I recently graduated from college last year, 2017, and felt after some reflection on what I’ve learned through my time working here at Hurricane Labs as well as working through my degree, that I should probably do a write-up on my Capstone Project (Senior Graduation Project).
The project focus was on setting up a virtual environment for use in demoing SIEM (specifically Splunk), Suricata, and creating a base for building out into a malware lab, pen test environment, web app security environment, etc. The primary source for the project environment implementation came from using Building Virtual Machines, A Hands-On Guide by Tony Robinson (2017) as inspiration. Tony, who works here at Hurricane Labs, also served as mentor for the project.
Taking control with SIEM software
Security Information and Event Management (SIEM) is an approach to security management that seeks to provide a holistic view of an organization’s information technology (IT) security. Implementation of SIEM software in any system can be used to detect, control, and resolve various attacks and threats faced in cyber security. This project focused on logging data into a SIEM (Splunk) in order to monitor endpoint system activities, active attacks against vulnerable targets, and show how security posture, metrics, and change analysis can be vital to a business and their decisions on information security development.
Project Goal: Implementing a security solution for a small SOC team
The primary goals of the project were to implement a security solution for a company for system monitoring, security posture metrics gathering, and create an active-alerting scenario for a small SOC team (which our project team acted as).
In this scenario, to generate the level of data required to make meaningful alerts and tuning paths available for Splunk Enterprise Security alerting and populating the dashboards that ES provides, we had to leverage the Kali Linux Metasploit “Hail Mary” attack against our “internal” hosts (targets). In the real world, the ideal methodology for gathering this level of information into the SIEM would come from forwarders on hosts gathering information and sending them into indexers which would then populate the search heads with the important data. Unfortunately, due to the inexperience of all parties involved in the project and the strict time frame for the semester, we were unable to gather as much data as some of us would’ve liked.
Project Diagrams: Project Network, Sample Network, Architecture & Software Lists
In the below diagram, our project network is on the left and the sample network from the reference is on the right. Our network for the project was so vastly different because all project members were in different geographical locations. So, I had to create a VPN for each user so they could access the ESXi server we we running on.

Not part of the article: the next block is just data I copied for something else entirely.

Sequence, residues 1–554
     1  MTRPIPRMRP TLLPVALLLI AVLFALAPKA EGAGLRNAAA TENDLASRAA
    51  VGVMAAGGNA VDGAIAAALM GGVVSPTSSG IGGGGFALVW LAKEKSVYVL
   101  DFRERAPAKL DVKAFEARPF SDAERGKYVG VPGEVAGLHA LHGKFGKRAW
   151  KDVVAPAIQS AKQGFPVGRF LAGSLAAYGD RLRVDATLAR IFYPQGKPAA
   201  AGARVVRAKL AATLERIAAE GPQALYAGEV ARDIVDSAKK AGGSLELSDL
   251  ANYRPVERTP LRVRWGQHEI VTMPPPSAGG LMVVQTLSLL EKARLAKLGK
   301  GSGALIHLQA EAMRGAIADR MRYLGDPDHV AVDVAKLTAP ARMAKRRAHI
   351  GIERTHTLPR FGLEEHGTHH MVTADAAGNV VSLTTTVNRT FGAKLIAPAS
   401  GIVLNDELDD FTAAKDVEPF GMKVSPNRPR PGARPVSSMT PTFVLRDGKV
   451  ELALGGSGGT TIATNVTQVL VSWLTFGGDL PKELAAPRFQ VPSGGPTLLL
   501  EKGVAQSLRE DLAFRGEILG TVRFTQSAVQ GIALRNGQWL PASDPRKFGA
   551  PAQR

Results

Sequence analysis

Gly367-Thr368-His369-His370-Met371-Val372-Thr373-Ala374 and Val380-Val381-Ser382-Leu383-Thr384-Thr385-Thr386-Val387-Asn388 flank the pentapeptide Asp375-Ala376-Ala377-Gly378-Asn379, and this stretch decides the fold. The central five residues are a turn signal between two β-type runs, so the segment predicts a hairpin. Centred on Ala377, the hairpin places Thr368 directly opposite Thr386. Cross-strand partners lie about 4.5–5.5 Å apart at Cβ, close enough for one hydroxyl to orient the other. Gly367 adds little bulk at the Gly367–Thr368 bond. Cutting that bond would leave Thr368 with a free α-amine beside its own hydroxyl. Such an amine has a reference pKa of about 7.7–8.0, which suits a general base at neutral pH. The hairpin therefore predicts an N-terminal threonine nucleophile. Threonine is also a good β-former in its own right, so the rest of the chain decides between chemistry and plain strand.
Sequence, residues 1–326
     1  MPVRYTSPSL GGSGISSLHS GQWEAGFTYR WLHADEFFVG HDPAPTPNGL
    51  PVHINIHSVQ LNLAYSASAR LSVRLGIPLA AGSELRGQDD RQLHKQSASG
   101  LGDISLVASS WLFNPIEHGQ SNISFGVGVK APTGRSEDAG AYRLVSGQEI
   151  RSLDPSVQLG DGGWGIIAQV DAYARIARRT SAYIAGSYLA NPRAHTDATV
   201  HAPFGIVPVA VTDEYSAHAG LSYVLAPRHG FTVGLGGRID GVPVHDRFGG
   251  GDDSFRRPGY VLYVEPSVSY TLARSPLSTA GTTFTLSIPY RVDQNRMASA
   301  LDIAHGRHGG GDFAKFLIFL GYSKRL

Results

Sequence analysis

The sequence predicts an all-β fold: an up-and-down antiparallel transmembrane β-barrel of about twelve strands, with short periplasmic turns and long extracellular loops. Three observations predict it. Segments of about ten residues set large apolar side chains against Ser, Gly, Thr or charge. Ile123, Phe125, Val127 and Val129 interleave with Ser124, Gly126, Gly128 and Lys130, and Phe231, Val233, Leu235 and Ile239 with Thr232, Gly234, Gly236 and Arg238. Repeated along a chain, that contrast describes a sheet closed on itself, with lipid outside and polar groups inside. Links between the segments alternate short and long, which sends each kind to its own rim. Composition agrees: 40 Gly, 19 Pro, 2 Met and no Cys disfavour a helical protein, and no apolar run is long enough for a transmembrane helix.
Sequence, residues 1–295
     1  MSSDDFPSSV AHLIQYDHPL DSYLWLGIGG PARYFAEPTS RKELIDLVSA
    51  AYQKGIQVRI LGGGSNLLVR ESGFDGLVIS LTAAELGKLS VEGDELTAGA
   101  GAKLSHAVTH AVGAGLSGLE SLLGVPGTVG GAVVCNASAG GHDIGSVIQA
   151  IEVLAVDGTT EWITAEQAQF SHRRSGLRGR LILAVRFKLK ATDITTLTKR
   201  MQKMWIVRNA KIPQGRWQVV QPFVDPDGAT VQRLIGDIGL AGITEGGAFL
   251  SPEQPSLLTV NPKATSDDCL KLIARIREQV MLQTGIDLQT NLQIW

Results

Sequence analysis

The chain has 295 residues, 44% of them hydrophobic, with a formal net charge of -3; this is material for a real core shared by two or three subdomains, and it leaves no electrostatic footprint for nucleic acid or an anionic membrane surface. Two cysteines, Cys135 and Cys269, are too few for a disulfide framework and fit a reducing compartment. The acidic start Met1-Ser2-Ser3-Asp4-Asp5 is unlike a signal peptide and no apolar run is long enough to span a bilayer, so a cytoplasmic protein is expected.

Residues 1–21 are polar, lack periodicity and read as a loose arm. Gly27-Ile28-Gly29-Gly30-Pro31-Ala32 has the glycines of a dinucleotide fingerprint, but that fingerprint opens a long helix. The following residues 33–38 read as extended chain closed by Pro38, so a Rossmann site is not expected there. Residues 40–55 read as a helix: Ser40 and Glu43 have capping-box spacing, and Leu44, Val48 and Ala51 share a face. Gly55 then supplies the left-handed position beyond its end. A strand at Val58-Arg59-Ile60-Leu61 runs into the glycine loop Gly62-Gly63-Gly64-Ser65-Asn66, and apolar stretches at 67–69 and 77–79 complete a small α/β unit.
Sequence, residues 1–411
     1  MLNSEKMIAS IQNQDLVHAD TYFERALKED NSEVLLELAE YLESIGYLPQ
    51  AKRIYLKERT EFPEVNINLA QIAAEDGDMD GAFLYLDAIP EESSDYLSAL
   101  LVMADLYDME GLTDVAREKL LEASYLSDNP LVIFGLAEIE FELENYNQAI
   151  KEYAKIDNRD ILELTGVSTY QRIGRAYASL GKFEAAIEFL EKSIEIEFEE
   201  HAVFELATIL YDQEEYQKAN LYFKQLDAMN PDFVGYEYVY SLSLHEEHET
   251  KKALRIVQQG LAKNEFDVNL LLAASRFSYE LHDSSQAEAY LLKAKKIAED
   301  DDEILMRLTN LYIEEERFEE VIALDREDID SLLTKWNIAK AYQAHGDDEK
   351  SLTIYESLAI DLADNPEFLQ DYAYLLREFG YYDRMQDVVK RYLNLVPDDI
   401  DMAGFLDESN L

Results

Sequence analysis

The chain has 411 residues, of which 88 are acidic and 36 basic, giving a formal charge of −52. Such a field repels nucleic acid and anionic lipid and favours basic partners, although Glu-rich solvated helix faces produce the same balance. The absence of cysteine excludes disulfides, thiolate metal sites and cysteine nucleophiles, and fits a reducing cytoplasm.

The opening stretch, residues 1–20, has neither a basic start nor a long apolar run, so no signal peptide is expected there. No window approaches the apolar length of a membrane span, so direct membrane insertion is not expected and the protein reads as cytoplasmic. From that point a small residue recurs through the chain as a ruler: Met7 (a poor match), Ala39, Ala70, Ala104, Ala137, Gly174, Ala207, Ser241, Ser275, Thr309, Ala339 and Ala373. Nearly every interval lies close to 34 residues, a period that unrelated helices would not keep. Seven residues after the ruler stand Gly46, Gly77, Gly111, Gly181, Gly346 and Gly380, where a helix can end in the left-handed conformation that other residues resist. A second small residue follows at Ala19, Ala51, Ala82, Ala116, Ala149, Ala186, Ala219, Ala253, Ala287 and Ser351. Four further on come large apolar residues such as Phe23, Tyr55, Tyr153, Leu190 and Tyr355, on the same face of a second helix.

The below is also from our presentation for the project and includes the entirety of our architecture setup as well as our software that we used for testing and report generation purposes.
- HP ProLiant G5 servers are a.) loud and b.) power hogs (my electric bill went up an extra $100/mo while it was running). So, if you plan on doing something like this, I recommend finding a more power efficient server.
- Splunk Forwarders on Windows Hosts can be troublesome due to networking requirements, virtual hosts, and firewall configurations.
- This was a good refresher on networking, especially for VPN connections to internal hosts, to virtual hosts on a completely separate network or networks. Also, safeguarding my personal network against the VPN users was entertaining.
- Splunk and specifically Enterprise Security require a LOT of data to make useful things happen, from dashboards to alerts. The amount of data being put into Splunk is directly proportional to the amount of use you’ll get from the Splunk SIEM.
- Automating attacks against known hosts; definitely script kiddie territory, but in order to make alerts fire and generate notables, we had to pretend we had a botnet, or an awful lot of time on our hands to spend attacking our hosts.
- Analytical and critical thinking skills were involved in several problems in this demo of a SIEM integrated solution for a business. Implementing the server infrastructure for this lab, to represent a real world organization and demonstrate some examples of possible risks to the system, requires being able to analyze the logged events and any applicable alerts that may have been triggered. Critically thinking comes into play when considering whether or not those events represent an actual, meaningful risk to the organization, and also how this information can benefit the business in terms of mitigation, remediation, and incident response handling.
- Not only was it important to the project, but I personally learned a lot about the thought-processes that security professionals go through when determining what is “acceptable risk.” This was especially evident when I was going through the process of granting access to my own home network for people I’d never met, providing them user accounts, permissions, etc. to central infrastructure, and letting them “go wild” on the network in order to generate logs for Splunk.
Overall, this was a solid project and a good learning experience for someone who had been working with Splunk in a security role for about a year and a half at the time of completion. It broadened my horizons a bit and gave me a peek inside the inner workings of how I get the logs I need to do my job.
For anyone who wants to learn how to build this out and get their feet wet, I highly recommend Tony’s book as well as taking the time to build their own lab.